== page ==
The Rangers weren’t interested in speculating ahead of Sunday night’s Game 7 between the Chicago Blackhawks and Los Angeles Kings.
With the Stanley Cup final set to get underway Wednesday night, the Blueshirts didn’t really care where they’d be headed for Game 1 later this week.
“They’ve both played on the big stage,” Rangers head coach Alain Vigneault told the Bergen Record’s Tom Gulitti. “They’ve both won. They have different styles. Obviously, L.A. is a little bit bigger.
“We’ll be able to get our group ready for it.”
Having played in the Western Conference with the Columbus Blue Jackets most of his career, New York’s Rick Nash pointed out that both the Kings and Blackhawks have stars that make it difficult on opponents.
“I played against those teams a lot,” Nash told the Record. “They’ve got guys that can skate. It’ll be tough either way.”
Rangers Centre Derick Brassard echoed that sentiment.
“Every round you’re facing a different team and you’re up for the challenge.”
The Rangers are set to return to the Stanley Cup final for the first time since they beat the Vancouver Canucks in seven games in 1994.
TALBOT, MILLER SIT OUT
New York Rangers No. 2 netminder Cam Talbot sat out practice on Sunday with an unspecified injury.
Rangers head coach Alain Vigneault listed his second-choice goalie as day-to-day.
Along with New York’s Henrik Lundqvist, third-string goalie David Leneveu skated with the Blueshirts ahead of this week’s Stanley Cup final.
The Rangers will travel west ahead of Wednesday night’s Game 1, the club's first return to the Stanley Cup in two decades.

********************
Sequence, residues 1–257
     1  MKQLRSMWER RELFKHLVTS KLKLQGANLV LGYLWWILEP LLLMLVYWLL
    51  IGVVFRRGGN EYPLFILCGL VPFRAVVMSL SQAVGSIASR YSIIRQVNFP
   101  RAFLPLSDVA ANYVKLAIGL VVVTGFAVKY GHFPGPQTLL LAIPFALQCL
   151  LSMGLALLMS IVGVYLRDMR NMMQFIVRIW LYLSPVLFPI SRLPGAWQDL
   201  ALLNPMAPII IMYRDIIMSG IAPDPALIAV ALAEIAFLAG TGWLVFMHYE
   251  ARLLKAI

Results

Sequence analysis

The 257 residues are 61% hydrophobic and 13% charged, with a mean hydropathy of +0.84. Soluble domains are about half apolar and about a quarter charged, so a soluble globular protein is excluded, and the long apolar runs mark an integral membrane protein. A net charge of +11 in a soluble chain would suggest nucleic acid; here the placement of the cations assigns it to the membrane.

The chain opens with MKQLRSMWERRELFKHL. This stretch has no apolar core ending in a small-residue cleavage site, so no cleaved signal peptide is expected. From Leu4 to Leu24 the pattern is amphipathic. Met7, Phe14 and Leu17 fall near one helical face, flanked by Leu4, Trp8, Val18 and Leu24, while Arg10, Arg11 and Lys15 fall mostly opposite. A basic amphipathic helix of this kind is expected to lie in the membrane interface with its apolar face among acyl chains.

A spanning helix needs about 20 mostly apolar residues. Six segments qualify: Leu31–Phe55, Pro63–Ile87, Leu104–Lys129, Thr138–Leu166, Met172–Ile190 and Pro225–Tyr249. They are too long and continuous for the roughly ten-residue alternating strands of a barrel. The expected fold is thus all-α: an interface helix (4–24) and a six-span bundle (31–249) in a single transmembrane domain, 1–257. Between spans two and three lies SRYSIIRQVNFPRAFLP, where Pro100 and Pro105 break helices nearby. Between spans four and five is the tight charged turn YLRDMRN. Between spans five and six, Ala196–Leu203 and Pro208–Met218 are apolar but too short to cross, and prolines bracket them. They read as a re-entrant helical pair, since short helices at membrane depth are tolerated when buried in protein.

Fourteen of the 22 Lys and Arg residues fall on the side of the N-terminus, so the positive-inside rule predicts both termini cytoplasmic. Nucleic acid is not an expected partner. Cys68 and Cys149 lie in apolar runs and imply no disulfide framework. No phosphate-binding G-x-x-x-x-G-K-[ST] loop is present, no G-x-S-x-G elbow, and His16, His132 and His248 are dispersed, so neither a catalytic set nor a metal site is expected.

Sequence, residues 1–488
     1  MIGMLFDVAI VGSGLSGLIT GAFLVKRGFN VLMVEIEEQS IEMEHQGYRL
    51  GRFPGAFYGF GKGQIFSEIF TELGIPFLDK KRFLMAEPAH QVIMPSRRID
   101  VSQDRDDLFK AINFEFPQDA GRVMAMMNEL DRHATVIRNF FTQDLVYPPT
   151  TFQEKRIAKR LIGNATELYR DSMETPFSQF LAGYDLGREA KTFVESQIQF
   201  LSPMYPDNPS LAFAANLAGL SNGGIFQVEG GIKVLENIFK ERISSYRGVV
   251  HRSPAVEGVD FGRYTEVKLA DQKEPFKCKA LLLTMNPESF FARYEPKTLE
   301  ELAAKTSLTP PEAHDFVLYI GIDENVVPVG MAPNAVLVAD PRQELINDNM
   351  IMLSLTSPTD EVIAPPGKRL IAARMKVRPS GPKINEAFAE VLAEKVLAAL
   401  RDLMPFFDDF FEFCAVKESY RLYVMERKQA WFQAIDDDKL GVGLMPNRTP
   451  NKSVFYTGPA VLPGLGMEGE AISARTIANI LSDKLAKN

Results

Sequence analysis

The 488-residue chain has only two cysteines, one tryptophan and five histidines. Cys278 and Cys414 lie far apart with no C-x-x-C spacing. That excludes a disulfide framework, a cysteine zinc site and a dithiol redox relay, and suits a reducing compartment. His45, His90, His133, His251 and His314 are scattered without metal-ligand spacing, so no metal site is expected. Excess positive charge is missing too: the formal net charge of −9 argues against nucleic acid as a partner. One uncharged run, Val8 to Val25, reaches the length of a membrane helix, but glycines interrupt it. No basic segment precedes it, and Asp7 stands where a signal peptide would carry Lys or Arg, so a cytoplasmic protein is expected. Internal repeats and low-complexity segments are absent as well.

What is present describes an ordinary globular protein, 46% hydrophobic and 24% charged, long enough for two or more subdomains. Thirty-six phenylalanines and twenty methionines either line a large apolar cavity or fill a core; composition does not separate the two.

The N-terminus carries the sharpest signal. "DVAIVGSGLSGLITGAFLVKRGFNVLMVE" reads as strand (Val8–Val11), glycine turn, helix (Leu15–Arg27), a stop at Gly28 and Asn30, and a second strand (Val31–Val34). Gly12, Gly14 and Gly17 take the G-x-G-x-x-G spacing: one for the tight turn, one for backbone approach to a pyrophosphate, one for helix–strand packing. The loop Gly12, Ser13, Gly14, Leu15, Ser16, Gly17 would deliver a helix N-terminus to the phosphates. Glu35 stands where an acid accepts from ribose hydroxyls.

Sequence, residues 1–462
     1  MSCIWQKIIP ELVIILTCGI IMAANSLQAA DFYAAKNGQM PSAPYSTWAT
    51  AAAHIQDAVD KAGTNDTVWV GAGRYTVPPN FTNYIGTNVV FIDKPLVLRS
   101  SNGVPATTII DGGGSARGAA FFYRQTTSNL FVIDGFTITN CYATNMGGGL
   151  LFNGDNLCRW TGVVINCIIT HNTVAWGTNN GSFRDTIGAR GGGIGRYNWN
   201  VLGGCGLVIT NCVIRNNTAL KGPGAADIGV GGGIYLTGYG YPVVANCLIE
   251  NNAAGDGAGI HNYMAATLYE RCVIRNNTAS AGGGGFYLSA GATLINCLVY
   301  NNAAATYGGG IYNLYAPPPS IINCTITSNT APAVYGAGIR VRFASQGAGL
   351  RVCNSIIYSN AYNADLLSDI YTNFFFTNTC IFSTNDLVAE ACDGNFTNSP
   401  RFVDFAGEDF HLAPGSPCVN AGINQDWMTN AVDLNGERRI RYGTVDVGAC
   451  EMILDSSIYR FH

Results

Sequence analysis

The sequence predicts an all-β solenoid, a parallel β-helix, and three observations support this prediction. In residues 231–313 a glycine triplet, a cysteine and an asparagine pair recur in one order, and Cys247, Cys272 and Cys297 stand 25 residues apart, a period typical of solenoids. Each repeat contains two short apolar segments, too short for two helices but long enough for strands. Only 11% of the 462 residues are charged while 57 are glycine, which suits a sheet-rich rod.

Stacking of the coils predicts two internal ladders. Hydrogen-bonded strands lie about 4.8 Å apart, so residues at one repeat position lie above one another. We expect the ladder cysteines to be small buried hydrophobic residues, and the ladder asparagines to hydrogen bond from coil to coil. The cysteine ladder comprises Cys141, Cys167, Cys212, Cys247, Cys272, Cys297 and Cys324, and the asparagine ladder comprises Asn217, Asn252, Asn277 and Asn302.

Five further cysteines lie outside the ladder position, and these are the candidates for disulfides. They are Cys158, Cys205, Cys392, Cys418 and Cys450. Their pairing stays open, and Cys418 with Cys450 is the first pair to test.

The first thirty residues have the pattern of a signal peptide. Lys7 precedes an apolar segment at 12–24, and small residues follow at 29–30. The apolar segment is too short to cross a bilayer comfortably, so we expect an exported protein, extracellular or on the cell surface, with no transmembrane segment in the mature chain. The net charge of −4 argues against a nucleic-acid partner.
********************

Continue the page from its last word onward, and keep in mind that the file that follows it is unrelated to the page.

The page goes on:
Rangers forward J.T. Miller also missed Sunday’s practice with an upper-body injury, but did skate on his own after being injured in Game 4 of the East final against the Montreal Canadiens.
"I'm under the impression a couple more days here," Miller told NHL.com.
FOR THE RECORD
New York Rangers defenceman Marc Staal is four games away from history.
If he helps guide the NHL’s Eastern Conference champs to their first Stanley Cup since 1994, the Staal brothers – Eric, Jordan and Marc – will become the first trio of brothers to win a Stanley Cup independently as players.
"We've dedicated ourselves as a family to the game," Marc Staal told Newsday. "You're going to be talking about it or watching it with us at some point."
Marc has missed significant time through injury the past few years – first with a concussion and then with a serious eye injury after taking a slap shot to the face.
"We all want to see him get it done," Eric told Newsday. "What he's gone through the past few years ... it's great to see him not just playing for a Cup but being such a big part of it for them."